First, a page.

McCartney's Rickenbacker 4001S and his original '61 Hofner can be seen sparingly in the film, with the '61 Hofner being stolen soon after. As for McCartney's acoustic guitar parts, he used his trusty Martin D-28.

George Harrison was spoiled with incredible guitars at the time, switching between his '57 Gibson "Lucy" Les Paul (a gift from Eric Clapton that had been converted from a Goldtop) and his iconic, custom-built Rosewood Telecaster prototype (a gift from Fender). He also had his Gibson J-200 acoustic on hand, which John Lennon used throughout the sessions too. Harrison soon gave that to Bob Dylan.

For the majority of his guitar work, Lennon used his finish-stripped Epiphone Casino. His similarly stripped Martin D-28 was on hand but rarely used, while he played a Hofner Hawaiian Standard lap steel for a few select parts.

Because the band wanted to record without overdubs, that meant someone besides McCartney had to play bass any time Paul played the piano. While John and George also had a Fender Jazz Bass nearby, they most often played the six-string Fender VI through McCartney's Bassman amp.

Let It Be Amps

As mentioned above, McCartney's amp for the sessions was a '68 Fender Bassman head and 2x15 cabinet. These cabinets from Fender at the time were tall, 40" total vertically, with the speakers stacked on top of one another.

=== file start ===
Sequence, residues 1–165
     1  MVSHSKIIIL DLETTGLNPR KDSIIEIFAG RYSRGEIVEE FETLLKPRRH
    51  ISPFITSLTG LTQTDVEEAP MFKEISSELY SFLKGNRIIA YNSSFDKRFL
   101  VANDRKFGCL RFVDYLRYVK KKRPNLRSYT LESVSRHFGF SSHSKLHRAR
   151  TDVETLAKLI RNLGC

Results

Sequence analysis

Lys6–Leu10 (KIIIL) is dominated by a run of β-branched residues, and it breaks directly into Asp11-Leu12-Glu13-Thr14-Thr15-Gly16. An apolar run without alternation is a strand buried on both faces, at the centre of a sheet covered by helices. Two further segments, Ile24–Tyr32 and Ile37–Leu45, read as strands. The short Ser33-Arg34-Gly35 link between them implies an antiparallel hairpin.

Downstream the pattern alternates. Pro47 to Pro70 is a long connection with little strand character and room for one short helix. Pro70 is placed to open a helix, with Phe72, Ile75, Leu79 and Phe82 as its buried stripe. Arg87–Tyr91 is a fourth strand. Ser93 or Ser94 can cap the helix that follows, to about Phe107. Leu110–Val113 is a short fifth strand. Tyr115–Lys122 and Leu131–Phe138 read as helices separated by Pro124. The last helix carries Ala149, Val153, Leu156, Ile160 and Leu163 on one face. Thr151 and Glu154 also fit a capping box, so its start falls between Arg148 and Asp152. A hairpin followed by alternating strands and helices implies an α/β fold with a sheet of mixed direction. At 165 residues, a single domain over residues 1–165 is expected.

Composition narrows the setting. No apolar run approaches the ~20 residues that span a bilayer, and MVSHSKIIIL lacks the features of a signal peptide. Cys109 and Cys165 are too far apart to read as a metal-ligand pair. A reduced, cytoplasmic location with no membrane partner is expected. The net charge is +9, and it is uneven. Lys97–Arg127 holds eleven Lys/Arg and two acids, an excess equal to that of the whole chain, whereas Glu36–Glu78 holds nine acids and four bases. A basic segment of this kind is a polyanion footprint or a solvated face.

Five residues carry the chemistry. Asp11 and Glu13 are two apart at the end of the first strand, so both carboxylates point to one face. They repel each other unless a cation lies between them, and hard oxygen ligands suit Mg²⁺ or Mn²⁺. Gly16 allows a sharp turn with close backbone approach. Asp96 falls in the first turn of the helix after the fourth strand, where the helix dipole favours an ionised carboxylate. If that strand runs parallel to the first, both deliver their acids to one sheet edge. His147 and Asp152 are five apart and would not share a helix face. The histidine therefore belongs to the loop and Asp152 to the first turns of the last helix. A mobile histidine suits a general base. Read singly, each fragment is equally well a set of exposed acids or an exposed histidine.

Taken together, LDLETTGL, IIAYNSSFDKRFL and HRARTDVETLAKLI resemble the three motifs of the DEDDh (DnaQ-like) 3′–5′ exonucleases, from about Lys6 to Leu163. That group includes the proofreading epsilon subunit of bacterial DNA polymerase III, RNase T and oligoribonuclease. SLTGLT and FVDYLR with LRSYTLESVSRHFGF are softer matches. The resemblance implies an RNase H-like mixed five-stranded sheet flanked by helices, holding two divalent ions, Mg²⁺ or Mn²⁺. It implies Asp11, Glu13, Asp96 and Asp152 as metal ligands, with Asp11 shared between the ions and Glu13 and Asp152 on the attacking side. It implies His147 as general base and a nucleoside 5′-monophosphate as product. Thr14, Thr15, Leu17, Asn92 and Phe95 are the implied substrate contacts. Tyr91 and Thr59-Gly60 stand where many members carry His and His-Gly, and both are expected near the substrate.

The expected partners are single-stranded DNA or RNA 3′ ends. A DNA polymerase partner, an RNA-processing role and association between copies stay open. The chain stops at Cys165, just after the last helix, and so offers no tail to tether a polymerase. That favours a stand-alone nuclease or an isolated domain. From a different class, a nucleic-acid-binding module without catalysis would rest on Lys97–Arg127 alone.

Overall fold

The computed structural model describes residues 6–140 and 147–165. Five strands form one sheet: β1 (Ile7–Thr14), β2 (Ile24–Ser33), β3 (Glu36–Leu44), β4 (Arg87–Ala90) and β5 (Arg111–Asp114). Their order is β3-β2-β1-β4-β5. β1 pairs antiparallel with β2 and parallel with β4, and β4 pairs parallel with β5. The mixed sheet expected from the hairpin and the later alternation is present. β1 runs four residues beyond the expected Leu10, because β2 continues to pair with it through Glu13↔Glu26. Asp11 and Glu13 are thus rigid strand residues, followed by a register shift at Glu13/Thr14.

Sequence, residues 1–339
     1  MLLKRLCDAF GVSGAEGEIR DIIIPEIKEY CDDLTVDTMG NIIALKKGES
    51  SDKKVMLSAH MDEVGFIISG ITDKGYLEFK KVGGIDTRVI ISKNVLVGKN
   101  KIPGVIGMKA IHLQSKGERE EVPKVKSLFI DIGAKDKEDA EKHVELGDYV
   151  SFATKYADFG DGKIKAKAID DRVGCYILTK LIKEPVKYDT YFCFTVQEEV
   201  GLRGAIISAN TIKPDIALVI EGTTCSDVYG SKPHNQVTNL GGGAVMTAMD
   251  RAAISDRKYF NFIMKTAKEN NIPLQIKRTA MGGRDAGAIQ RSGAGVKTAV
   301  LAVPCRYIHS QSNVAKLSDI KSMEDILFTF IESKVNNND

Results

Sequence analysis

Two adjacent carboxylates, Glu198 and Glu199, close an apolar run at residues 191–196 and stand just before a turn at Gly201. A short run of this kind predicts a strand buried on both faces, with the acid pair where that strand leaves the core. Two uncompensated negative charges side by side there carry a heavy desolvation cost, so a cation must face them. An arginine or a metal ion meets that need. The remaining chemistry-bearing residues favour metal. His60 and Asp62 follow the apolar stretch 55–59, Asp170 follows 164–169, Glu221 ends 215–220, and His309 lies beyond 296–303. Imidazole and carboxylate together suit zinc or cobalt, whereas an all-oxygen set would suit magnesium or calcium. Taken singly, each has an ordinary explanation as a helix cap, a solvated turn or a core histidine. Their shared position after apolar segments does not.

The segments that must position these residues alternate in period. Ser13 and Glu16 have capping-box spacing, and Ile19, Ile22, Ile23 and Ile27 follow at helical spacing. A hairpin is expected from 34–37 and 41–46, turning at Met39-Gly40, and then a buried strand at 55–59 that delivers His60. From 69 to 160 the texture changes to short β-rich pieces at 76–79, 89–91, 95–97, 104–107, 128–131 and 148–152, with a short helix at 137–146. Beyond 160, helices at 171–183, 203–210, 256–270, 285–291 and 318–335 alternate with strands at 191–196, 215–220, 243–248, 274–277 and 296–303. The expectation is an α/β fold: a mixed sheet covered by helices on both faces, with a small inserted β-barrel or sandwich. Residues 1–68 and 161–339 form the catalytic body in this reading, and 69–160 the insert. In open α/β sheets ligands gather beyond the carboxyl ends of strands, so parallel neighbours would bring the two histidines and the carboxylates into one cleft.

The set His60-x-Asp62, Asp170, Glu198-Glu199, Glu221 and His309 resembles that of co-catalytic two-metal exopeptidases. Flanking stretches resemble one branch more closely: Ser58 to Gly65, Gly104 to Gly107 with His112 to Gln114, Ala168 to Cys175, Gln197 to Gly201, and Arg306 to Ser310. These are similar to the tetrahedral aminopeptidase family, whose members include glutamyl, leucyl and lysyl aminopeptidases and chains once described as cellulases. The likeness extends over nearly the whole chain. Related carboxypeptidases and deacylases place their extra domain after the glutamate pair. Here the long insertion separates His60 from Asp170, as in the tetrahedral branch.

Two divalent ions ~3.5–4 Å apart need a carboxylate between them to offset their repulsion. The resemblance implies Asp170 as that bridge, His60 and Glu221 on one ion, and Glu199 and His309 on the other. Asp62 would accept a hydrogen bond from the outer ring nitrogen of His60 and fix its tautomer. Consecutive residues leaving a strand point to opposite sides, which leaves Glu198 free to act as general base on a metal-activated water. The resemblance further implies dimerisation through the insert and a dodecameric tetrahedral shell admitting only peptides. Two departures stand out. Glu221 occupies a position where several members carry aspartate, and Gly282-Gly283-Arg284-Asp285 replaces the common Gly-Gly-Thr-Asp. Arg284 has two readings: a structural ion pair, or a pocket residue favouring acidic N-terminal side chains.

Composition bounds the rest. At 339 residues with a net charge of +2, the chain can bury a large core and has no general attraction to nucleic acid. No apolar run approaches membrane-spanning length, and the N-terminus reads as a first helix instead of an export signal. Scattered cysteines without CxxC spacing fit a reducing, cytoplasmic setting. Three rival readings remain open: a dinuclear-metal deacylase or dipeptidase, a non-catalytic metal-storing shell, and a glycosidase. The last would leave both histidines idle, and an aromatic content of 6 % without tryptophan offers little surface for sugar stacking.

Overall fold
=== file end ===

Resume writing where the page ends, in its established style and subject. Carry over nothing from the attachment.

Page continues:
Lennon and Harrison's main amps were matching '68 Silverface Fender Twin Reverbs. Additionally, Harrison had a 147RV rotating Leslie speaker—another gift from Clapton—that he used extensively on the record.

The Beatles: Get Back - A Sneak Peek from Peter Jackson

Let It Be Drums

Especially during the Twickenham sessions—when Ringo Starr's station was set up on a high riser, backlit by the soundstage's rainbow-colored lights—his drum kit was the star of the show. It was a '67 Ludwig Hollywood kit that had been new for the White Album.

A five-piece set, it included a 14x22" kick, 16x16" floor tom, as well as an 8x12" and a 9x13" tom. However, Starr preferred his '63 Jazz Festival 5.5x14" snare, opting to use it instead of the Hollywood's.